Steven said...

Regardless of what the precise step in this particular case is, don't you think the day will come when a child will be produced by combining the genetic material of two women — and no man?

Hard to say. Normal mammilian development requires both male-imprinted and female-imprinted genes. You'd have to figure out a way to de-imprint and then re-imprint the genes of one mother in order to create a viable embryo.

The closest anybody's been able to do to that is to take the not-fully-impinted eggs from a fetal mouse with a mutation that makes some of the genes resemble male-imprinted genes, and that took hundreds of attempts. Doing the same with fully-imprinted adult eggs from a non-mutant would be vastly more complicated.

Eli Blake said...

It isn't a bit disturbing to me.

The article makes it clear (as MCG points out) that those of you who are getting all out of sorts about this maybe haven't even read it. All it does is creates a healthy fetus instead of a diseased one. What is wrong with that?

And, as far as two lesbians deciding at some time in the future to merge their DNA and have a baby, what is wrong with that? What is so darn wrong with wanting to have children by the person you are in love with? And if they do, how would it impact your life?
If I remember right, I once read something about the right to life, liberty and the pursuit of happiness. Maybe some of you conservatives need to read it again.

I always get a kick out of people who are always out on a witch hunt looking for some kind of 'gay' threat everytime something new comes along.

Mark the Pundit said...

So someday soon, Heather may indeed have TWO mommies!

Ann Althouse said...
This comment has been removed by a blog administrator.
Ann Althouse said...

Eli: I just don't think public sources of funding should flow into research like that. It's similar to cosmetic plastic surgery to me, something that a wealthy person could buy, not immoral, but so obviously less important than other sorts of medical research. The article interests me in part because the research is justified as related to dealing with a disease. But if someone has a hereditary disease they could just have children that aren't biologically related to them.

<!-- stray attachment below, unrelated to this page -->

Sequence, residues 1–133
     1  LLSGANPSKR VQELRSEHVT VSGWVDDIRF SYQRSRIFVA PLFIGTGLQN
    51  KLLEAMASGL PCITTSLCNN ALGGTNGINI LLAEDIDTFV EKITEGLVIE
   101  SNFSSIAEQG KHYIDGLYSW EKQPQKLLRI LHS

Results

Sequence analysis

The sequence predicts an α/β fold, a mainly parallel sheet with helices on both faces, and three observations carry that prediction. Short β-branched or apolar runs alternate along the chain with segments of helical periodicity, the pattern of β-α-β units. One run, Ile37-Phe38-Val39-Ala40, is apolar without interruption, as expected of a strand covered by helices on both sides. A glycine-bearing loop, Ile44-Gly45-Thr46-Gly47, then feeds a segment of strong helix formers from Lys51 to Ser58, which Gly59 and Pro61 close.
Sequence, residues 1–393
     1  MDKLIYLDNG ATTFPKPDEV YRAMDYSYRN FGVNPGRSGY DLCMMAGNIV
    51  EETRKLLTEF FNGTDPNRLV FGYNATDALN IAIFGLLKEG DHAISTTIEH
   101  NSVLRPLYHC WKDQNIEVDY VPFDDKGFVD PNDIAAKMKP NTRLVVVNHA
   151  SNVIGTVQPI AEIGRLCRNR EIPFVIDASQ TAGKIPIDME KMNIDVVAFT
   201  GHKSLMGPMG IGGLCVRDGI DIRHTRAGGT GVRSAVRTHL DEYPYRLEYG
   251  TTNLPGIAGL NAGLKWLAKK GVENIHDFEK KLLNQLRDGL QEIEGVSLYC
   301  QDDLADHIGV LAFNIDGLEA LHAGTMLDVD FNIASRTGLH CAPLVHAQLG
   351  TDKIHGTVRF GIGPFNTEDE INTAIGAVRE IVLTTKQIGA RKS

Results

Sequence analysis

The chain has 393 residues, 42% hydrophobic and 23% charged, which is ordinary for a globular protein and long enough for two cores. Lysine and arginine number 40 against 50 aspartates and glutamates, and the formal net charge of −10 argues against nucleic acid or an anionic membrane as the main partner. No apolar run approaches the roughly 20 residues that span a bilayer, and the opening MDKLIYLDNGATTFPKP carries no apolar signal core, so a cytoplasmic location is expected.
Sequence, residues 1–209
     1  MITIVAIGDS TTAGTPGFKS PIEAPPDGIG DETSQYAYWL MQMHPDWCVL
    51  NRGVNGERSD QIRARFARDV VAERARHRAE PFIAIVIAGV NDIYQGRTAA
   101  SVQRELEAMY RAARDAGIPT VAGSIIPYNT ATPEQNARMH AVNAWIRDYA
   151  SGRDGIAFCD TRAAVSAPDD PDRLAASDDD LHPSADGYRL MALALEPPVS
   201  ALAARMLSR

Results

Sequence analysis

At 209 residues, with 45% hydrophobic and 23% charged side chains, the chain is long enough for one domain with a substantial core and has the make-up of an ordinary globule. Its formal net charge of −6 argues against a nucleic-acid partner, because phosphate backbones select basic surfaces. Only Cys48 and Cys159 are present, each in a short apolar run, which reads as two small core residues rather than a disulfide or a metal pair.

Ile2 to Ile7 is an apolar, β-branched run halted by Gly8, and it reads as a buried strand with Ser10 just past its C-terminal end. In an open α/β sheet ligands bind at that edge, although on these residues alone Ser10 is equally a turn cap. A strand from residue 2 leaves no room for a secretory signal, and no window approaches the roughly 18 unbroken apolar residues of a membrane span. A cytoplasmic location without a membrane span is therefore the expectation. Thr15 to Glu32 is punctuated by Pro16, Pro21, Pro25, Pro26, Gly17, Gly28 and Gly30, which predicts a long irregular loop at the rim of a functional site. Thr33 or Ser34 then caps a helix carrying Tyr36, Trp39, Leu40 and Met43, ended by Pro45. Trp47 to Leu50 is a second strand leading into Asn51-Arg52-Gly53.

And I do understand people's desire to pass along their genes. That's a private matter and not an especially worthy aspiration. And I support gay rights.

Bruce Hayden said...

I do agree with Ann that I don't want to see government funds funding this sort of thing. But other than that, I can't get too worked up about it.

The problem, as I see it, is that the genetic problem being addressed here is passed to all of a woman's children, and then to all of the children of her daughters, etc. So, without this, we are condemming them to this disease in perpetuity, as long as they continue to breed.

The problem, to some extent, is that we are short circuiting natural selection through modern medicine. In the past, this sort of thing would probably have died out. But now, we can keep people with it alive for long enough that they can breed.

So, maybe, just maybe, by developing the ability to keep people with otherwise harmful genes alive long enough to breed, we owe them the fixing of those genes so that they are not perpetuated.

Bruce Hayden said...

steven may be right that we are quite a ways away from being able to create an viable human embryo from two males or two females. BUT, things are moving quite quickly in that area.